Clive James has been at the business of writing now for so long that his literary activities have almost outlived the fame that used to get in the way of their apprehension. Twenty or so years ago, it was possible to think that the man who clowned around in those ‘Postcards’ travelogues on television, and who seemed to reach some apogee of self-satisfaction and self-definition chatting to celebrities on the box, was just slumming it when it came to literature; that he had bigger fish to fry than this diminished thing, even, if he was forever reminding us of the grandness of the refusal he had made.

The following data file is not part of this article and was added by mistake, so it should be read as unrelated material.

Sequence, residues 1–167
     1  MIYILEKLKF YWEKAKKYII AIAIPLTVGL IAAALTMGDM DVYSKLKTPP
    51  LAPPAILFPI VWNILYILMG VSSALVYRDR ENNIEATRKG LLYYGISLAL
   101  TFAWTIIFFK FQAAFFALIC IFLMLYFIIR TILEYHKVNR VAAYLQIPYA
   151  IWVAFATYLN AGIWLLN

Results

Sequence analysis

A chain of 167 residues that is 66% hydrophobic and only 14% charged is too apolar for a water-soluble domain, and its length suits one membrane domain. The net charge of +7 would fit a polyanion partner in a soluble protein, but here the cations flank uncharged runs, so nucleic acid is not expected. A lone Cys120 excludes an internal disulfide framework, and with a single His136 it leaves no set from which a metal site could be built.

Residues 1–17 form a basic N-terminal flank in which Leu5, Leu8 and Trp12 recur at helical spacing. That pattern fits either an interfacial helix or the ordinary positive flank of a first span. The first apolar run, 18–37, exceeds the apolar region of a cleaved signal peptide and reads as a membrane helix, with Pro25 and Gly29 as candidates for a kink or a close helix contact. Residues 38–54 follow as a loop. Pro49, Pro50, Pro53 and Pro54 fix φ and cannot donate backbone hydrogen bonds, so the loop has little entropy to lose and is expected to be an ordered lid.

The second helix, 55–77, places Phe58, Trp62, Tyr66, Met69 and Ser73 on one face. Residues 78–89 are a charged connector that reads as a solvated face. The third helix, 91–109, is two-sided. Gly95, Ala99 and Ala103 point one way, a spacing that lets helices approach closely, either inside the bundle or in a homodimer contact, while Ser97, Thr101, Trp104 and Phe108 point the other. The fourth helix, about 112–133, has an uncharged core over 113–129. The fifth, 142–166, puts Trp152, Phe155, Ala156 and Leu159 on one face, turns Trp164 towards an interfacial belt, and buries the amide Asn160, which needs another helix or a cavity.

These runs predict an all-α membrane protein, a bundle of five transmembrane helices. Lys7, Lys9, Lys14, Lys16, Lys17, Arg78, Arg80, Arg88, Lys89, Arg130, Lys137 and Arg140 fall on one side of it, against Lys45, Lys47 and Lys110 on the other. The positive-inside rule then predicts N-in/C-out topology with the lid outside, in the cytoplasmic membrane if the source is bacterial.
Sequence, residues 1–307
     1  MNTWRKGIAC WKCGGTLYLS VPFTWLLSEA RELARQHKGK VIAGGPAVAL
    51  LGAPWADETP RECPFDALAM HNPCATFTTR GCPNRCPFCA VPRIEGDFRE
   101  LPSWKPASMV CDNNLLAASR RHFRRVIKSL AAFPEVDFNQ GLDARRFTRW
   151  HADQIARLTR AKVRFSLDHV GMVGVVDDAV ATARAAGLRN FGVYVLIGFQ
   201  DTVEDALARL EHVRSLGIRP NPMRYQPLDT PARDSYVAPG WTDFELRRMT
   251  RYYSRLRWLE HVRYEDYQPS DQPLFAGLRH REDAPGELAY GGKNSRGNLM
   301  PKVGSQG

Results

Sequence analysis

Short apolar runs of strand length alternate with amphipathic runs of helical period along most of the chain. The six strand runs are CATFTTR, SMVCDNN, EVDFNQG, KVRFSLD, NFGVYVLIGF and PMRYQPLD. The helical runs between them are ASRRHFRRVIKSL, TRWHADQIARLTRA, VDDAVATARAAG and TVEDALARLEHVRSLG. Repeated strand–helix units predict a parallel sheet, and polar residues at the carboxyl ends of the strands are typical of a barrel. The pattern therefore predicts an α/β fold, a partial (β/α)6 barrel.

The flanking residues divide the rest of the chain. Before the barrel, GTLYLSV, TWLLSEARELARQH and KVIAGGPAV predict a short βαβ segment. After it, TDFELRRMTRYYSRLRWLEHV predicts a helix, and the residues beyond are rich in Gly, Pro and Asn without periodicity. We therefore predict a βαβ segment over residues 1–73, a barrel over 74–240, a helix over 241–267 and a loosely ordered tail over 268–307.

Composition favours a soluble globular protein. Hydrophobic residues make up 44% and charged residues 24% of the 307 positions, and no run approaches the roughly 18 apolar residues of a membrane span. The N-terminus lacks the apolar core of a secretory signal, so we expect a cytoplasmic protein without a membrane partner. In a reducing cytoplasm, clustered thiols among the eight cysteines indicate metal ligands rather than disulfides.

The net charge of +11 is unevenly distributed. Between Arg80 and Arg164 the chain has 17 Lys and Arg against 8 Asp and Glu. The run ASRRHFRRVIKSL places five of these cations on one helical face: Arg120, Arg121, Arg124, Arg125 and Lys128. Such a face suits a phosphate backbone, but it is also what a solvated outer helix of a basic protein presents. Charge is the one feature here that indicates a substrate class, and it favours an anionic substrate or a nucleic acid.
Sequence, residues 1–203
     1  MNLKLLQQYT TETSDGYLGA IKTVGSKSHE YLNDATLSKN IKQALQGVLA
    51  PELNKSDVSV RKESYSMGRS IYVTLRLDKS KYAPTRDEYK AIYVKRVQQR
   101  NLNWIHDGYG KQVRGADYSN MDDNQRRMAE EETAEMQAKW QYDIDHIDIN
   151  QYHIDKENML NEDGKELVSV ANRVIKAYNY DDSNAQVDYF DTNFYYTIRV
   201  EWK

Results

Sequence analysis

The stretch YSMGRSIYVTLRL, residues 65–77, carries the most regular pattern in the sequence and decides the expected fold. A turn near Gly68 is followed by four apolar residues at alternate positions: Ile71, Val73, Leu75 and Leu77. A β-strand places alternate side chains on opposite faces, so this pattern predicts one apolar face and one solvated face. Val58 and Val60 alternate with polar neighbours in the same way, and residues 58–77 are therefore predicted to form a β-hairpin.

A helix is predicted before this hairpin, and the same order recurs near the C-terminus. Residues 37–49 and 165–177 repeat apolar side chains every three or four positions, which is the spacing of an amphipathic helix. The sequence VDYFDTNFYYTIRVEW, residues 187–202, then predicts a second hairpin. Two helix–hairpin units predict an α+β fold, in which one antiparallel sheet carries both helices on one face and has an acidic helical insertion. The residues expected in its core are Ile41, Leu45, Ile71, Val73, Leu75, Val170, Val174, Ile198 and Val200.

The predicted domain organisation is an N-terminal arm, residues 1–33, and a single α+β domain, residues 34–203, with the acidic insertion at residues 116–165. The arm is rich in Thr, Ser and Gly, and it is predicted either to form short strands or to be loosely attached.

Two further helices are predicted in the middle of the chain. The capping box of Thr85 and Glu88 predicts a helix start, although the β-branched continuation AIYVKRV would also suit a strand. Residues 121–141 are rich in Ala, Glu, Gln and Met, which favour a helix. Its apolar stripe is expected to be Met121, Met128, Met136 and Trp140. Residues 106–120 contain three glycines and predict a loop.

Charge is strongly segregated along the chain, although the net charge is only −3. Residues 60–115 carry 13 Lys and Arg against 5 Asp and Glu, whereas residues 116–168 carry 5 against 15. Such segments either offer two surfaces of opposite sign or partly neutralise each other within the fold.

After all, the poems that had entered (highbrow) public consciousness were essentially jokes on the whole enterprise, weren’t they? ‘Last Night the Sea Dreamed It Was Greta Scacchi’ – ‘it did not’ was the Martin Amis rejoinder – or ‘Bring Me the Sweat of Gabriela Sabatini’ seemed to fall, like his mate Robert Hughes’s ‘Sohoiad’, into the category of brilliant interventions from a world elsewhere, a greater world that could handle the merely literary with its left hand. It was all too easy to imagine that James, for all his manifest brilliance, had fallen, like Lucifer, never to rise again.